Fiscal implications of newborn screening in the diagnosis of severe combined immunodeficiency.
In the United States, newborn screening (NBS) is currently recommended for identification of 31 debilitating and potentially fatal conditions. However, individual states determine which of the recommended conditions are screened. The addition of severe combined immunodeficiency (SCID) screening to the recommended NBS panel has been fully instituted by 18 states, with another 11 states piloting programs or planning to begin screening in 2014. Untreated, SCID is uniformly fatal by 2 years of age. Hematopoietic stem cell transplantation usually is curative, but the success rate depends on the age at which the procedure is performed. Short-term implementation costs may be a barrier to adding SCID to states' NBS panels. A retrospective economic analysis was performed to determine the cost-effectiveness of NBS for early (<3.5 months) versus late (≥3.5 months) treatment of children with SCID at 3 centers over 5 years. The mean total charges at these centers for late treatment were 4 times greater than early treatment ($1.43 million vs $365,785, respectively). Mean charges for intensive care treatments were >5 times higher ($350,252 vs $66,379), and operating room-anesthesia charges were approximately 4 times higher ($57,105 vs $15,885). The cost-effectiveness of early treatment for SCID provides a strong economic rationale for the addition of SCID screening to NBS programs of other states.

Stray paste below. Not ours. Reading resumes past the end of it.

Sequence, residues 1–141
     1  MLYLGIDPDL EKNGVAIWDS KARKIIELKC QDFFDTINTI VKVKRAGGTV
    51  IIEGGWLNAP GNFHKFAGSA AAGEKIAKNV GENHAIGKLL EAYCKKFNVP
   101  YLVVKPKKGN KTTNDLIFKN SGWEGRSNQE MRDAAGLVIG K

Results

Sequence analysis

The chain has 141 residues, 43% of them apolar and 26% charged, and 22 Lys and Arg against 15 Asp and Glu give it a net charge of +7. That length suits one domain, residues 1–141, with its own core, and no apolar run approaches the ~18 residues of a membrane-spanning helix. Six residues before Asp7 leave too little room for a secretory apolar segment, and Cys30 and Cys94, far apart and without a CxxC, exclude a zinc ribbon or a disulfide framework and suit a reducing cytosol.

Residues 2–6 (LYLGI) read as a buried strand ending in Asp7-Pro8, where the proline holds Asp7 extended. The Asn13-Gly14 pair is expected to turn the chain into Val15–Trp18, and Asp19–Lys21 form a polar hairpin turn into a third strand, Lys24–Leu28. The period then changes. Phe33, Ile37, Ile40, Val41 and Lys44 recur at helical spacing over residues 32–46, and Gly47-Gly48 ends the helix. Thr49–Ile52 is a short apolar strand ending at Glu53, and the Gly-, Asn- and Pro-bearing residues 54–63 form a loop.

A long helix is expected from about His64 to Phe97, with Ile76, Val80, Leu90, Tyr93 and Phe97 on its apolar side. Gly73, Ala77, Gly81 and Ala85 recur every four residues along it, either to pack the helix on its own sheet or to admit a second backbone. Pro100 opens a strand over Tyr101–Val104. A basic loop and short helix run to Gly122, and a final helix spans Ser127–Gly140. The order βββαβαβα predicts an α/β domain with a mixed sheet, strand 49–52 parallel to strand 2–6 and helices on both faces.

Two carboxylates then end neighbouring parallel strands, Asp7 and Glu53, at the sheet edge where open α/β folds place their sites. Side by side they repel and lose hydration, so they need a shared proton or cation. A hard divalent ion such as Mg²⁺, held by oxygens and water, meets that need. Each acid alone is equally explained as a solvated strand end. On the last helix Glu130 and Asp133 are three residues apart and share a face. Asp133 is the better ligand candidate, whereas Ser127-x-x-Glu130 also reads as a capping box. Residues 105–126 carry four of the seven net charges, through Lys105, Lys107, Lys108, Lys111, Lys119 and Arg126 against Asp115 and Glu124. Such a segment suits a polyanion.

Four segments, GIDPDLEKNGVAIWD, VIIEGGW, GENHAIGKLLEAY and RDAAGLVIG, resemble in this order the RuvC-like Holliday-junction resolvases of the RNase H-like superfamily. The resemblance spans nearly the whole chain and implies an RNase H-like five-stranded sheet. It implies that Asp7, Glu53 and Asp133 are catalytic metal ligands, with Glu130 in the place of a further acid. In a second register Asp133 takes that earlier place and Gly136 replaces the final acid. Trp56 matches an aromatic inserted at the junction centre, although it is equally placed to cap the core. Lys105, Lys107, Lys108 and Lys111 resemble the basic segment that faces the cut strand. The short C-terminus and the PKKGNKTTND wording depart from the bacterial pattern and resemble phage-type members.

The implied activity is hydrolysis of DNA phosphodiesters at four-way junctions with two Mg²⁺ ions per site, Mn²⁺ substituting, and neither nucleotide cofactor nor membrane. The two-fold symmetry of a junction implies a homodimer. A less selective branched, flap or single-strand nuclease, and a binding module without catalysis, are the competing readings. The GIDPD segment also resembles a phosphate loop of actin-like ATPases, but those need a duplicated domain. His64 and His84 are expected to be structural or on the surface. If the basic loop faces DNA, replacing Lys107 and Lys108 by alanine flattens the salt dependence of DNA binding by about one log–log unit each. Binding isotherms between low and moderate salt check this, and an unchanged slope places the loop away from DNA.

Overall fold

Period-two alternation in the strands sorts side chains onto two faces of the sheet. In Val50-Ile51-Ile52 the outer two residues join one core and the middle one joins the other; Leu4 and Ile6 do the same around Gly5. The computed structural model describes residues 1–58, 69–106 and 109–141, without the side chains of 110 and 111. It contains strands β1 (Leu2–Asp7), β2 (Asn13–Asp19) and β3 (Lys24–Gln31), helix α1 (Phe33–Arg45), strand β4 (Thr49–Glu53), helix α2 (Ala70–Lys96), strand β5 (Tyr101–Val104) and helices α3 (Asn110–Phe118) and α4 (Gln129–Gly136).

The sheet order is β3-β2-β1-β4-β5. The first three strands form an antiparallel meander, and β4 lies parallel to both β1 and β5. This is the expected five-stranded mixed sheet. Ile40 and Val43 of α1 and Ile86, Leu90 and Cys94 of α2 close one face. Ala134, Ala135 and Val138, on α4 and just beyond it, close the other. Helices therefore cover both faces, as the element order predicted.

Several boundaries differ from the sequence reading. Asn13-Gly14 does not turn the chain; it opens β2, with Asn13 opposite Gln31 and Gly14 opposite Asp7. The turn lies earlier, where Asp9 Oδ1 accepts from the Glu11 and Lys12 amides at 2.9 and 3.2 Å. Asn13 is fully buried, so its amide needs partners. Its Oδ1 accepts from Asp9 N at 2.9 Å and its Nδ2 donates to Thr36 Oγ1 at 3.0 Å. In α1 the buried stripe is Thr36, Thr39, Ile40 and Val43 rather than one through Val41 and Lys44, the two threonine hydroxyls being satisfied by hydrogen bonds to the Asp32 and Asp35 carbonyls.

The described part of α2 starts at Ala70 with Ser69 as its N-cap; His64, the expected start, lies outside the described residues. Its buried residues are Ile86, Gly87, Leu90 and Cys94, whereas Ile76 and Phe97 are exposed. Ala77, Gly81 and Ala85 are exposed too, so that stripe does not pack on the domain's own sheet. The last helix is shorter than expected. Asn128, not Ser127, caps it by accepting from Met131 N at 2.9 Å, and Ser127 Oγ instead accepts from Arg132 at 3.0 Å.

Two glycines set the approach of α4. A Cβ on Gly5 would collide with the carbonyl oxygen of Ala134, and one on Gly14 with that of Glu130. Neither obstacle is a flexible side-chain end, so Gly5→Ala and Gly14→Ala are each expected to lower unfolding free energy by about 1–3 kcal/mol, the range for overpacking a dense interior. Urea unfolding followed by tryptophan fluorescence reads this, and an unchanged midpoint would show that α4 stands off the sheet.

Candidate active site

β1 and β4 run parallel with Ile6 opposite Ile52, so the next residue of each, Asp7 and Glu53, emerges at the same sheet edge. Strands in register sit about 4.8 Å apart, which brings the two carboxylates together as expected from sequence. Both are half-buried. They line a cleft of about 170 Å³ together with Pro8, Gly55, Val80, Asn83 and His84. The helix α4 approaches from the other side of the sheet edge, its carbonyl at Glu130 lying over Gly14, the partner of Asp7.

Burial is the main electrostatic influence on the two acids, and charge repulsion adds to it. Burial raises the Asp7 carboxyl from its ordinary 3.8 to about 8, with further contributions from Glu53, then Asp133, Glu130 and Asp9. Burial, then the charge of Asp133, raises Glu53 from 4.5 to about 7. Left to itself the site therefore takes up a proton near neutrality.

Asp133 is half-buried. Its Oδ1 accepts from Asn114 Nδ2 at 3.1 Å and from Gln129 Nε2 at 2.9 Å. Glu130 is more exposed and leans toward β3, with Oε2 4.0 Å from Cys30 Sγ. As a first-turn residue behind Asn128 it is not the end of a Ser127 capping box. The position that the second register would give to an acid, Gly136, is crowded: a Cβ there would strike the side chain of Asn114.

Kubiak, C; Jyonouchi, S; Kuo, C; Garcia-Lloret, M; Dorsey, MJ; Sleasman, J; Zbrozek, AS; Perez, EE
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